The Cask is a good, solid mystery. The puzzle is set up and we follow the police as they piece together what happened, step by step. If that makes it sound boring, it really isn’t. All the clues seem to point to one suspect but like the police, we’re really not sure he did it. I enjoyed this as an undemanding read but one that sustained my interest and attention, which is praise indeed at the moment, as I have the attention span of a particularly distractible goldfish.

To end, if there’s one thing associated with the 1920s, it’s the flapper. Here’s a clip from the 1920 silent film of that name, the whole of which is available to view on YouTube, and from this trailer looks quite fun:

 

“Genius and virtue are to be more often found clothed in gray than in peacock bright.” (Van Wyck Brooks)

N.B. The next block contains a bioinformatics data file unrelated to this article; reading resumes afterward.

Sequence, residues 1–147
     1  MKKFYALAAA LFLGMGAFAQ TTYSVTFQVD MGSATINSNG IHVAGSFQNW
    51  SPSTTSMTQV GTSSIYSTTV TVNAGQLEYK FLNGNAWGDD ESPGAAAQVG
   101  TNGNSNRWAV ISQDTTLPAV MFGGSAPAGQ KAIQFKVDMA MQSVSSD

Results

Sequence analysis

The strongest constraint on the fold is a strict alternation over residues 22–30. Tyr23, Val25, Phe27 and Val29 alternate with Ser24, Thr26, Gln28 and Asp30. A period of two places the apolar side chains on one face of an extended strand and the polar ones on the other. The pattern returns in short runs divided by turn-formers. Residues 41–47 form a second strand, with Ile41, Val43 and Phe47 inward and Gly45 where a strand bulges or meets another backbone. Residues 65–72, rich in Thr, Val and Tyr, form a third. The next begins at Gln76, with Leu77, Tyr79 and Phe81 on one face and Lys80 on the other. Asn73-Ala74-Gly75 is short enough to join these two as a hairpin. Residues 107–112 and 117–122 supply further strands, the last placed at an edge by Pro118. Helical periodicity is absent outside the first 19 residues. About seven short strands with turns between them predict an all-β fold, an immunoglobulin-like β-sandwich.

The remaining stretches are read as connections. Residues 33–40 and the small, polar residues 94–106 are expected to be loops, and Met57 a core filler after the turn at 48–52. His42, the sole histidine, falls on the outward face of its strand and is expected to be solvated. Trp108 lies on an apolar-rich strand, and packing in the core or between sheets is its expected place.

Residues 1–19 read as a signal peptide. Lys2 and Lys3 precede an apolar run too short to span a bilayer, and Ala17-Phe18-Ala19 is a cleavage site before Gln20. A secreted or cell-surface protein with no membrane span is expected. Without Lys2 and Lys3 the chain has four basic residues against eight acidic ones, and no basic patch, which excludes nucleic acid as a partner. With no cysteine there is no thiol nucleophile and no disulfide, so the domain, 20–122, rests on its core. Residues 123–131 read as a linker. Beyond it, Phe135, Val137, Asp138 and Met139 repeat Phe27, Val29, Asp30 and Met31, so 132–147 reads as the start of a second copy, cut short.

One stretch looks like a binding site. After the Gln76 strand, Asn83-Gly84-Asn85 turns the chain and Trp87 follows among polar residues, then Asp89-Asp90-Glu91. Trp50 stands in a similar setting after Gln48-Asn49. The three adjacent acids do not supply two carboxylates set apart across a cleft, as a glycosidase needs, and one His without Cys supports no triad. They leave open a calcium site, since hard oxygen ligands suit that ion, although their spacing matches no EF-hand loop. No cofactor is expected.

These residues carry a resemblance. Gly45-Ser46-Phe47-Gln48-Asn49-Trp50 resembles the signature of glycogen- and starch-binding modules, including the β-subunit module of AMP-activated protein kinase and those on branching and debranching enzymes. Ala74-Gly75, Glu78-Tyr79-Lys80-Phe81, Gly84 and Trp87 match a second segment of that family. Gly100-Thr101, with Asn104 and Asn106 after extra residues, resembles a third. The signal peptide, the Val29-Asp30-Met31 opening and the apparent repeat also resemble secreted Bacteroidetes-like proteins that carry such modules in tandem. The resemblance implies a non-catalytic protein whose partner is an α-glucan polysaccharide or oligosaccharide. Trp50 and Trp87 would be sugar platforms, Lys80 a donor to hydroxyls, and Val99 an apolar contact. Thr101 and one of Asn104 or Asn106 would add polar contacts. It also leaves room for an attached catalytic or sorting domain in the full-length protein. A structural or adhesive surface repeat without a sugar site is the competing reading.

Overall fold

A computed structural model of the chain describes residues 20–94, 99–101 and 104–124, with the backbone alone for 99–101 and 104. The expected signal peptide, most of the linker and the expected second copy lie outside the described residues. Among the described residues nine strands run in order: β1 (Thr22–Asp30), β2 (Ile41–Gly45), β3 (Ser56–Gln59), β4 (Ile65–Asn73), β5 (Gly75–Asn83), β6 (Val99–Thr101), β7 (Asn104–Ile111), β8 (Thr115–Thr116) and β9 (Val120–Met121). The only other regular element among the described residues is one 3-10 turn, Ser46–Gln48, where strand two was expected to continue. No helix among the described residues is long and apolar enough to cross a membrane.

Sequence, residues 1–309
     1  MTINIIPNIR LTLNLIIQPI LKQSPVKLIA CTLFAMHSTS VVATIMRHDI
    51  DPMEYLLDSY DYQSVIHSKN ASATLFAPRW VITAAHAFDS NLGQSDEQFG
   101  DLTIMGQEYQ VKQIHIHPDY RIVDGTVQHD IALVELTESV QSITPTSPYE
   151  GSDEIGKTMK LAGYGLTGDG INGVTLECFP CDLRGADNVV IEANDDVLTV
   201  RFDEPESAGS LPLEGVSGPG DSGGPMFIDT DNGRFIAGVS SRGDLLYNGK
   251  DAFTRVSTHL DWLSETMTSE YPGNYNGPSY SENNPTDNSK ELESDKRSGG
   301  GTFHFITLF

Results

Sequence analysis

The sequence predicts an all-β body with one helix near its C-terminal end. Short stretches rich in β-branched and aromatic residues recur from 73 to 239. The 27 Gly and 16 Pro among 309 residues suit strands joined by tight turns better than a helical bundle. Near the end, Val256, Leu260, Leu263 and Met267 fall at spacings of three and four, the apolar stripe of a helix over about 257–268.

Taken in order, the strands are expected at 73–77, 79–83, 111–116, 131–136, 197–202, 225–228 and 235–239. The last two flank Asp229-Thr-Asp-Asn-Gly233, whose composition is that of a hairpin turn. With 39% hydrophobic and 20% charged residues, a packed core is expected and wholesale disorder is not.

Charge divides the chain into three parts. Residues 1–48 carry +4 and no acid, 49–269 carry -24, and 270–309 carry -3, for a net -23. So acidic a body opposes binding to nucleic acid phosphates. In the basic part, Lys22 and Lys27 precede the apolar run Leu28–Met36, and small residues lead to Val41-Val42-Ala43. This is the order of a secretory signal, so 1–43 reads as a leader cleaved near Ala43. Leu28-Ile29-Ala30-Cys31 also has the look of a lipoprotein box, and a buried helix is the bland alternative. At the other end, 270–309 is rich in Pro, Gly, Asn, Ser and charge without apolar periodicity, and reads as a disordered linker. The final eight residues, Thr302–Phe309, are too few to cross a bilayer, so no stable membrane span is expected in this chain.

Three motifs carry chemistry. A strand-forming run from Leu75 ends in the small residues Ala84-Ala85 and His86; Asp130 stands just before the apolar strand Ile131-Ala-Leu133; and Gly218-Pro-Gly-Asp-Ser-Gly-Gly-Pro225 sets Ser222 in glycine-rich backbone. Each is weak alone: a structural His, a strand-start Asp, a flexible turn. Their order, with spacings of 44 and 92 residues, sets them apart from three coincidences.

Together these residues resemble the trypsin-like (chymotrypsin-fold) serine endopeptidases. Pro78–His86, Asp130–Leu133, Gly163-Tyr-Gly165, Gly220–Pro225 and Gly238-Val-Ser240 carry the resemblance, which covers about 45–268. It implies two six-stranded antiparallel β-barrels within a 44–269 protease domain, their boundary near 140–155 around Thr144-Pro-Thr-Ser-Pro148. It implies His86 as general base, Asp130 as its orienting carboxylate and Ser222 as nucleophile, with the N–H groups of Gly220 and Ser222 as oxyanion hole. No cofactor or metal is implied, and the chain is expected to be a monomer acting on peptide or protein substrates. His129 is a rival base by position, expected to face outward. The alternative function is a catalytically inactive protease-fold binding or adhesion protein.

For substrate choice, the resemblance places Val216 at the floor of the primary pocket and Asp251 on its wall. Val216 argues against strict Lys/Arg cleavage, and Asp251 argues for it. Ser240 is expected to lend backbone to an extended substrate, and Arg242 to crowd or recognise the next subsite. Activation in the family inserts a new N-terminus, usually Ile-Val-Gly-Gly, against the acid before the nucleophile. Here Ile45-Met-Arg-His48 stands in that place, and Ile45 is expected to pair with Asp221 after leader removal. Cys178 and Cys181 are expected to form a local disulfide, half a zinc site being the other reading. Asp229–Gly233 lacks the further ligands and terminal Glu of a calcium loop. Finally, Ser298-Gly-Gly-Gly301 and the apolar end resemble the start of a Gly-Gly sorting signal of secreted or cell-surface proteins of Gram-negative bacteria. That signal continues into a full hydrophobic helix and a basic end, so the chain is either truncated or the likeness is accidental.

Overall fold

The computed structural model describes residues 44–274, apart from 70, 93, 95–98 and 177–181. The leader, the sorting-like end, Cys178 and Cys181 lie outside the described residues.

This is my contribution to the third Persephone Readathon, hosted by Jessie at Dwell in Possibility.

It became apparent very quickly this year that my 2018 book buying ban would have no discernible impact at all if I didn’t rein it in again. So although not officially on a ban, I hadn’t bought any books since March and I’m trying to get that TBR stack down a bit further. This post covers the last two Persephones I had left in the pile… please note the use of past tense there. Those of you who follow me on twitter will know this happened a few hours ago:

I live opposite the greatest charity bookshop ever – what am I supposed to do? Two still had the bookmarks! I left 3 more Persephones behind in there (OK, so I already had those, but still…  😉 )

Firstly, Miss Buncle’s Book by DE Stevenson (1934), which is Persephone No.81. This simple story was an absolute joy. Unassuming spinster Barbara Buncle is desperate for money after her dividends stop paying out due to the financial crash. She decides to write a novel, and as she frequently asserts she has no imagination, she bases it on her village and the people she knows.

The novel is a smash hit, and the villagers are furious, apart from the doctor and his wife: